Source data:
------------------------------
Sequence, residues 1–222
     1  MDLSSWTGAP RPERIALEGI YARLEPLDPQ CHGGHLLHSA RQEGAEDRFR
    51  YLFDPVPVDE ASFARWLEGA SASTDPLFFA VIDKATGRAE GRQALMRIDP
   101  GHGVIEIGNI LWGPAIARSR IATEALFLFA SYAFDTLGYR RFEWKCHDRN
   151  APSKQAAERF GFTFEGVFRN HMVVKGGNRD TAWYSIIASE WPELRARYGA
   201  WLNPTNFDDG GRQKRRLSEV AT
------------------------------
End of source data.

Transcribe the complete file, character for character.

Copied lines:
Sequence, residues 1–222
     1  MDLSSWTGAP RPERIALEGI YARLEPLDPQ CHGGHLLHSA RQEGAEDRFR
    51  YLFDPVPVDE ASFARWLEGA SASTDPLFFA VIDKATGRAE GRQALMRIDP
   101  GHGVIEIGNI LWGPAIARSR IATEALFLFA SYAFDTLGYR RFEWKCHDRN
   151  APSKQAAERF GFTFEGVFRN HMVVKGGNRD TAWYSIIASE WPELRARYGA
   201  WLNPTNFDDG GRQKRRLSEV AT